Nearly half of all advisors fail to take advantage of the opportunity to manage their clients’ rollover assets, according to a new survey by Cogent Research.
But about a third of advisors, apparently more resourceful or aggressive, said they gained $5 million or more of rollover assets in the previous year. On average, these high performing advisors have an average of $128 million in assets under management.
The Investment Company Institute estimated in May 2010 (Research Fundamentals, Vol. 19, No. 3) that Americans held about $4.2 trillion in traditional or rollover IRAs, exceeding the $4.1 trillion in defined contribution plans. Together, IRAs and DC plans accounted for more than half of the $16.0 trillion in retirement assets at year-end 2009.
“There is a group of highly focused advisors who not only build the biggest books of business, but also put their mind to winning rollover assets. They are firing on all cylinders,” said David Feltman, Cogent’s managing director for Syndicated Research.
The highly successful “rollover advisors” convert more retirement accounts and the size of those accounts is 2.4 times larger, at $344,000, than the advisors who fall into the second tier in terms of rollover success.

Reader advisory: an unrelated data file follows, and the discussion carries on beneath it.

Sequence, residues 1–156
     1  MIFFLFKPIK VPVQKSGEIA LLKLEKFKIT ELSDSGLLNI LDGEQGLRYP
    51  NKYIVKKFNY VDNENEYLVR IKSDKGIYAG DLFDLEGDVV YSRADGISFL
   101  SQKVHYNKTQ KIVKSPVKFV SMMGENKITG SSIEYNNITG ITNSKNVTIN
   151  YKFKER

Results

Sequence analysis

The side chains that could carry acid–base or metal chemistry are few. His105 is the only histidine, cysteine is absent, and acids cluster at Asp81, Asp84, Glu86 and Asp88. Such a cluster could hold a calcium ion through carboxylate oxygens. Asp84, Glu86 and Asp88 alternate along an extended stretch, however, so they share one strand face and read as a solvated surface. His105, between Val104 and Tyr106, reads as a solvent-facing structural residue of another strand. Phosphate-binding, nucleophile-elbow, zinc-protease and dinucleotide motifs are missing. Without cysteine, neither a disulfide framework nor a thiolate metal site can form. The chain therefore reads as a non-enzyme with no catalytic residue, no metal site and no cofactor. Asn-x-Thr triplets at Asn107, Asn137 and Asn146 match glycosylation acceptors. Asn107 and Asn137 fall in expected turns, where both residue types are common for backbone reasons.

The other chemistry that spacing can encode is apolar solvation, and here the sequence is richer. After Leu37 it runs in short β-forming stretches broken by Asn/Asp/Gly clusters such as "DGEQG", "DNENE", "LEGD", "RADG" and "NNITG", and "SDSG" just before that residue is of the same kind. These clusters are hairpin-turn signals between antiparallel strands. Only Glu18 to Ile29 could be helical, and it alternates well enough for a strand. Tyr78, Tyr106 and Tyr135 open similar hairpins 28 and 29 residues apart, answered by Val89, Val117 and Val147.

The Cogent Study revealed a significant opportunity for both asset managers and advisory firms to win both IRA and ESRP (employer sponsored retirement plans) conversions.
“These assets are available to be won and those who work hardest succeed at winning them,” said Feltman. “Given the propensity of retirees to move their employer-sponsored account at retirement, these funds are a ripe opportunity.”
A year ago, Cogent reported that for the first time that it had been tracking investor allocations, wealthy Americans held more assets in IRAs than in workplace-based retirement accounts like 401(k)s and 403(b)s. The findings were included in the report, 2010 Investor Assets in Motion: IRA & Retirement Marketplace Opportunities.
The report, based on a nationally representative sample of 4,000 affluent and high net-worth Americans, found that while ownership of both types of retirement accounts is down since 2006, ownership of workplace-based retirement accounts have decreased much more dramatically. Since 2006 IRA ownership has slid by just 5%, meanwhile ownership of workplace-based retirement accounts has decreased by almost one quarter (23%).
It appears that the majority of dollars that investors formerly allocated to ESRPs have been funneled into IRA accounts and, to a lesser extent, bank accounts. This shift has resulted in the proportion of assets affluent Americans hold in IRAs (31%) to surpass the proportion of assets they hold in 401(k) and other employer-based retirement plans (25%).